I.e, if your first child goes to Beatrix Potter school, and you then move OUTSIDE of priority area 1 or 2, siblings won't have priority over other children...

Interesting!
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Sagittarius
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Re: Should sibling's rights be reduced for renters that move awa

Postby Sagittarius » Tue Feb 21, 2012 1:12 pm

Hello,

I had no idea that Beatrix Potter had a different admission policy. Last year, there was a proposal to implement a similar scheme at Belleville School. The school was totally against it, they felt that they could operate at full capacity because children from further away were able to accept in-year places (in particular in the later years) and were able to do so because of the current sibling policy (without a definite catchment area). They also felt that being able to accept children from further out, was a vital factor in maintaining the school's diversity.

I am not saying the school was right/wrong, I just thought to share their views as, I am embarassed to say, I had never considered the issue from their angle...

:)
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supergirl
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Re: Should sibling's rights be reduced for renters that move awa

Postby supergirl » Tue Feb 21, 2012 1:57 pm

I think something like beatrix potter is a way forward. The idea behind a local state school is for children to walk to school.
When i was growing up, when my parents decided to move my susters and myself changed school too. We survived (and it made us more adaptable). Dont understand why changing school is such s big deal here :?:
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tgjmummy
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Re: Should sibling's rights be reduced for renters that move awa

Postby tgjmummy » Tue Feb 21, 2012 2:36 pm

I agree that a priority area for siblings would be a good idea. There is obviously nothing wrong with choosing to rent near a good school and making that your home. However, what is an issue is people taking a short lease simply to gain a place at a school then moving away a few months later (if they ever moved there at all). If there was a priority area, this would become a much less attractive option and potentially would stop this perpetual cycle of short-term lets. This would also not discriminate against people who "genuinely" are renting in the area.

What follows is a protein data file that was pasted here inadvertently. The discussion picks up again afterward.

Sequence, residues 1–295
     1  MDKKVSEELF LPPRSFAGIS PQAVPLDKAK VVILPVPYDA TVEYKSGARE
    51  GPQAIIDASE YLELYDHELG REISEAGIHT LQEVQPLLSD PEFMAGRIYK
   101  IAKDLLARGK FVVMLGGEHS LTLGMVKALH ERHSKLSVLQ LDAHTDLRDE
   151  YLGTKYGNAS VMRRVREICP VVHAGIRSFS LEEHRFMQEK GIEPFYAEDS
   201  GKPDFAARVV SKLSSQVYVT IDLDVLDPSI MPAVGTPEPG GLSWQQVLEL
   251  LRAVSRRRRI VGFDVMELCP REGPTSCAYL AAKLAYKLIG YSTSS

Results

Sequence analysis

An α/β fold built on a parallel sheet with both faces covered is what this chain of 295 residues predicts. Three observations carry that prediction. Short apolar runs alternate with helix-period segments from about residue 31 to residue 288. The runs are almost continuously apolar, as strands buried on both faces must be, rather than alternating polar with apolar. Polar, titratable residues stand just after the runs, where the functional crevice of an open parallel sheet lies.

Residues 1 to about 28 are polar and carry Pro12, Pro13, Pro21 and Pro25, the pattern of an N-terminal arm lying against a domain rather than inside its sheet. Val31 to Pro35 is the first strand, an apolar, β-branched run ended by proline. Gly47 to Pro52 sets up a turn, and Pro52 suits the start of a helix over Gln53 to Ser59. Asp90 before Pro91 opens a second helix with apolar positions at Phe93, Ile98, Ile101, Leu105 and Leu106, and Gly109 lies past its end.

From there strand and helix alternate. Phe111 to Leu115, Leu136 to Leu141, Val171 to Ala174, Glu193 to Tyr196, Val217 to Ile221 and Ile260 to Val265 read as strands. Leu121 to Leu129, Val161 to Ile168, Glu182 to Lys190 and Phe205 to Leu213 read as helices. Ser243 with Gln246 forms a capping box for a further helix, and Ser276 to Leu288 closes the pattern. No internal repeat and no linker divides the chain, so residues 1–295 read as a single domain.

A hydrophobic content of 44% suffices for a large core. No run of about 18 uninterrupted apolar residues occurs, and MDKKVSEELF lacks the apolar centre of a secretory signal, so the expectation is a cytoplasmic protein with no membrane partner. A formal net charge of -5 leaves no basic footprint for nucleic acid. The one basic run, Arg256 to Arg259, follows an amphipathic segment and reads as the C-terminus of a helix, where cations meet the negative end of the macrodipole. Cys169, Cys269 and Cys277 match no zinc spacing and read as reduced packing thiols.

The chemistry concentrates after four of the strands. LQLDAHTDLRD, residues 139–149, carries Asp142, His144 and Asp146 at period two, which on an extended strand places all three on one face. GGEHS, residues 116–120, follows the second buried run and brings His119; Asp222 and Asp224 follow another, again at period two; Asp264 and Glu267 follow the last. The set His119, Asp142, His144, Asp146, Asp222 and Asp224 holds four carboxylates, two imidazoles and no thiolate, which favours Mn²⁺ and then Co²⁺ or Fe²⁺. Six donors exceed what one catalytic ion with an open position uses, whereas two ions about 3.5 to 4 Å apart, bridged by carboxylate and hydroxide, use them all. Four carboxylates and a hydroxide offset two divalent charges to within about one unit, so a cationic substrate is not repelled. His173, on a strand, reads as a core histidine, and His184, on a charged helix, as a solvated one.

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MGMidget
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Re: Should sibling's rights be reduced for renters that move awa

Postby MGMidget » Tue Feb 21, 2012 3:26 pm

I have noticed quite a few parents arriving with kids by car at my son's school which has a catchment area the size of a postage stamp - so no car should be needed. Personally I wouldn't be against removing the sibling rights - but not just for renters but everyone. School start times could easily be staggered to overcome the problem of getting different children to different schools at the same time. I too can't see what the problem is with children moving schools if the family moves house. How many families would keep their child at a mediocre school if they subsequently moved into the catchment area for a good school. I'm sure they would have no worries about moving their children to the nearest school then!
A priority area might be a good compromise but it got rejected last year in the case of the Belleville proposals.
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Re: Should sibling's rights be reduced for renters that move awa

Postby kiwimummy » Tue Feb 21, 2012 5:08 pm

I would be in favour of an enhanced catchment area for siblings like the Beatrix Potter model. I've never understood the obsession with not changing schools if you move - in NZ you'd expect to move to the local school when you move. I moved schools pretty frequently, and it was fine.

Someone posted the other day on the admissions link that people who undertake short term rentals to get their kids into school are just doing everything they can for their kids. I'd like to reply to that in this thread.

Yes, the problem is Wandsworth don't offer enough primary places. But I feel strongly that if you short term rent a property additional to your primary residence just for the purposes of getting your kids into a school, then you're gaming the system, pushing out local kids and adding to the problems of traffic congestion as you'll need to get the kids to school somehow.

I don't think people who genuinely are renters fall into this category, although I concede there might be a grey area in some cases, and they should get the benefit of the doubt.
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Tealover
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Re: Should sibling's rights be reduced for renters that move awa

Postby Tealover » Tue Feb 21, 2012 9:28 pm